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With the Risk Based Supervision(RBS) set to commence in the insurance industry before year end and subsequently lead the sector to another round of recapitalisation, 10 years after the previous one, the aim of this exercise is to see stronger insurance firms emerged thereafter. ZAKA KHALIQ writes.

In United States, U.K and other developed economies, insurance companies are strong enough to own banks. But in Nigeria, the story is different as banks have insurance firms as subsidiaries instead.
The business of insurance, by nature, requires huge liquidity to absorb large risks. But it is more worrisome in the country that major risks in the aviation, oil and gas and maritime industries are still dominated by foreign insurers, because the local insurers have low capital level to acquire large risks, although, there are few local underwriters who had performed fantastically well in the aforementioned sectors.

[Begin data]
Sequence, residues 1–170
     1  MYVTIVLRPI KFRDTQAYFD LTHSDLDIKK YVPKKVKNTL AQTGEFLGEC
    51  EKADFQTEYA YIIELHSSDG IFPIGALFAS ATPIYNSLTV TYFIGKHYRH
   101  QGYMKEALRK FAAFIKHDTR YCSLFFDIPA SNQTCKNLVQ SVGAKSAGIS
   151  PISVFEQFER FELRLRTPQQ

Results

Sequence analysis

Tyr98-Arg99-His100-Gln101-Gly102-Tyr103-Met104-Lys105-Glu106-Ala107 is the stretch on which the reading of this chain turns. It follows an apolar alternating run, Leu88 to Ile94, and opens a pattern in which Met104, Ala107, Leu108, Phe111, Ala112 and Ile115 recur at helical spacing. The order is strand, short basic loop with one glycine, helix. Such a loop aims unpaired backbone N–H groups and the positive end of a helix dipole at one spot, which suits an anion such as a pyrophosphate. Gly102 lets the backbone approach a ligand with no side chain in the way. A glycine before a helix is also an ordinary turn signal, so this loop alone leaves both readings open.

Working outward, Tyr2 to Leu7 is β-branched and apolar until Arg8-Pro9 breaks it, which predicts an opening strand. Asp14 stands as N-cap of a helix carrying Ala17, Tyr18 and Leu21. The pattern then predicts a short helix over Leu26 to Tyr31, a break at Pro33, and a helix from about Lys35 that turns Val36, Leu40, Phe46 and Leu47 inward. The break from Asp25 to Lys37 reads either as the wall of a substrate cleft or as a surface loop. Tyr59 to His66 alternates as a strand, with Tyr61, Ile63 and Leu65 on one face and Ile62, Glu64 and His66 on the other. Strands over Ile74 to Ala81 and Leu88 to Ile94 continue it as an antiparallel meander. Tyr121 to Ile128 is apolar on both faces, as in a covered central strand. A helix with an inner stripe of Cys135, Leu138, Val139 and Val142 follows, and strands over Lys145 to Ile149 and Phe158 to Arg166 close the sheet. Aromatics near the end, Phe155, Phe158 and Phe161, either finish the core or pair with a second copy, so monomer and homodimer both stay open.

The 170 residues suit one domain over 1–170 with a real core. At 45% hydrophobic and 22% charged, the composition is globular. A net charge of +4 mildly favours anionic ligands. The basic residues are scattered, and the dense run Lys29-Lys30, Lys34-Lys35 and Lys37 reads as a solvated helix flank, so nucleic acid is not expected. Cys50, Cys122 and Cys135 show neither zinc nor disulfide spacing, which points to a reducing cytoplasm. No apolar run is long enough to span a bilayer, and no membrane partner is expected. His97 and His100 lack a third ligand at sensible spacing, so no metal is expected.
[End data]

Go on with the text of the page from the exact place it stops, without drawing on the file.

Another pathetic scenario is that some insurers absorb risks that are more than their capital, hence, find it difficult to pay claims, when they arise.
In a bid to ensure that stronger insurance firms emerged in the country, the
National Insurance Commission(NAICOM) is coming up with a Risk Based Supervision(RBS) framework that will mandate  insurance operators to operate within their capital limit.
To this end, the regulator is set to commence capital verification exercise in insurance industry in the next couple of weeks in readiness for RBS expected to lead the insurance sector to recapitalisation this year.
The capital verification exercise is to ensure underwriting firms are adequately capitalized to meet their business obligations, following information that some underwriters have eaten deep into their shareholders’ fund, thus, are undercapitalised.